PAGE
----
Ferrari has been spotted testing a camouflaged Roma sporting a V-12 engine.

The car looks like a standard Roma but the hood is longer and the front fascia features larger air intakes. A video also points to the car being fitted with a V-12.

This suggests that the car isn't simply a new Roma variant to sit above the current V-8 model but rather a test mule for a successor to the 812 Superfast. A test mule is where a new vehicle's underpinnings are tested beneath a makeshift body, in this case a modified Roma body.

The 812 arrived on the scene in 2017 and traces its roots to the F12 Berlinetta which debuted all the way back in 2012. If this test mule is in deed for an 812 successor, we should see prototypes with the final sheet metal test throughout 2023 and the car make its world debut in 2024.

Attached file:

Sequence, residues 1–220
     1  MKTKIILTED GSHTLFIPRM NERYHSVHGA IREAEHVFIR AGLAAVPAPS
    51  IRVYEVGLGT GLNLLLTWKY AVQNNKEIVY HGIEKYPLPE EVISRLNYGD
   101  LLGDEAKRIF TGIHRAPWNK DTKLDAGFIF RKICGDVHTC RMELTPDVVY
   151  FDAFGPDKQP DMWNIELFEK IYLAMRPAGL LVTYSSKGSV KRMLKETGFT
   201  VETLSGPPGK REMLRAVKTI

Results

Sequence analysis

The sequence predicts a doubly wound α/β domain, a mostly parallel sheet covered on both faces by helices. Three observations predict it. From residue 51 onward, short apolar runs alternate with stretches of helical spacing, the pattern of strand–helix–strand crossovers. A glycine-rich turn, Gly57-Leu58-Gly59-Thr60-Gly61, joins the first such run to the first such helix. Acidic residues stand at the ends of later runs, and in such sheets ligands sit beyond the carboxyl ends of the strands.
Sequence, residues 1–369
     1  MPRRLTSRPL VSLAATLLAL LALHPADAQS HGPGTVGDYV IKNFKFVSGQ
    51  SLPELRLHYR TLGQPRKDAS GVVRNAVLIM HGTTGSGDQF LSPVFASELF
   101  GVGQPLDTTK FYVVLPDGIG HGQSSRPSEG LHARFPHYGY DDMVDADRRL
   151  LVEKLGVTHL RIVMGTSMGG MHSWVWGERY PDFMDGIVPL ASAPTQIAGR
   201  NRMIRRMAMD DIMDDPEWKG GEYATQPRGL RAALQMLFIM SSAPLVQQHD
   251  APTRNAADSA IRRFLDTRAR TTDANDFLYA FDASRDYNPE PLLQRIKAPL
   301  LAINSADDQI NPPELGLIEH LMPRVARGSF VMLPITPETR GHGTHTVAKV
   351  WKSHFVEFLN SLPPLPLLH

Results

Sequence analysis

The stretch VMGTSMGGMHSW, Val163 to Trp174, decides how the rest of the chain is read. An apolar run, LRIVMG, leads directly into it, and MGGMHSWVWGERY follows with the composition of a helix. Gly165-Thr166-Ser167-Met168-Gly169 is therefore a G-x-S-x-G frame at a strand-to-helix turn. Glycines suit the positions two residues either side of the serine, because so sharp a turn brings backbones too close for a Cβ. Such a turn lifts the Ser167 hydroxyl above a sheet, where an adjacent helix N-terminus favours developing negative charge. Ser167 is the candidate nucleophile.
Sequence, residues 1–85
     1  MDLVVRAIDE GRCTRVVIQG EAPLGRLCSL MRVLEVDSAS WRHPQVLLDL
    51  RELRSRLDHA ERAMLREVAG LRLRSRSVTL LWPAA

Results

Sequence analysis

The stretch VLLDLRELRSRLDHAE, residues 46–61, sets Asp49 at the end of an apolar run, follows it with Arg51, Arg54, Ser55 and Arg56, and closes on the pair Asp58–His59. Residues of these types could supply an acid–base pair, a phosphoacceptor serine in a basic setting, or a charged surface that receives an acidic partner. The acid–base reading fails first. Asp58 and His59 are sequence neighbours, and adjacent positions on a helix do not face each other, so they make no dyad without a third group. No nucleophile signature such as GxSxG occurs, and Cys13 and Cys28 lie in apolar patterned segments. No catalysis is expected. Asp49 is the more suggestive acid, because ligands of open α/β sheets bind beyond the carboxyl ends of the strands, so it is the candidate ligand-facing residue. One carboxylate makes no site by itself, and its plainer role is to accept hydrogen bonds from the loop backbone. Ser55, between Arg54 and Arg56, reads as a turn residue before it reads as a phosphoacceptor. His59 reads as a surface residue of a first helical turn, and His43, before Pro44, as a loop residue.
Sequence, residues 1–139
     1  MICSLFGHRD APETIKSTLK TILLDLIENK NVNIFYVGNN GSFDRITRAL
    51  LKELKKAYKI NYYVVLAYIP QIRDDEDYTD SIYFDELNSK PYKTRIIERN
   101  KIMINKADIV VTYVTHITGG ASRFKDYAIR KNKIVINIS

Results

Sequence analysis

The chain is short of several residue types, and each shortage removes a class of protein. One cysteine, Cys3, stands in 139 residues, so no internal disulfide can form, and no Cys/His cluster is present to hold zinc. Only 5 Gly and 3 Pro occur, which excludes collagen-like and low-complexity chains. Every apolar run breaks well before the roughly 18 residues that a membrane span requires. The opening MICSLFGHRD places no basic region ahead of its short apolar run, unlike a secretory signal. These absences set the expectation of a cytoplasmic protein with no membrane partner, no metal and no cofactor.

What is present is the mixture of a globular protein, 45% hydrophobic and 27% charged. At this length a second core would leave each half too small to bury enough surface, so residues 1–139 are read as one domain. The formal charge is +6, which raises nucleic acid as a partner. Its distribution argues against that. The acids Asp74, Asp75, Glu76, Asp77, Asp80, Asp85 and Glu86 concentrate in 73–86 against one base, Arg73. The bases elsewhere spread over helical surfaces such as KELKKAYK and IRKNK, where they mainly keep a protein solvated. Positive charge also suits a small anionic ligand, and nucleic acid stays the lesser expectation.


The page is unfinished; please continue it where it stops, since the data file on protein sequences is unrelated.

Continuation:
The 812 successor will ride on Ferrari's newest platform for front-midship cars. The platform, which was first announced in 2018, supports multiple wheelbase lengths, engine types, and seating configurations, and can be equipped with all-wheel drive and hybrid technology.

While a V-12 is almost certain for the 812 successor, what isn't certain is whether there will be some form of electrification. There are rumors the hardcore 812 Competizione launched last year as a sendoff for the 812 line could be the last V-12-powered Ferrari without electrification or turbocharging.

Ferrari's current 6.5-liter V-12 delivers 789 hp in the 812 Superfast and 819 hp in the hardcore 812 Competizione. We also know it's been tuned to deliver 829 hp in the limited-edition Daytona SP3.

We should know more following the debut of the Purosangue later this year. The Ferrari crossover is also based on the new front-midship platform and is expected to feature a V-12 at launch.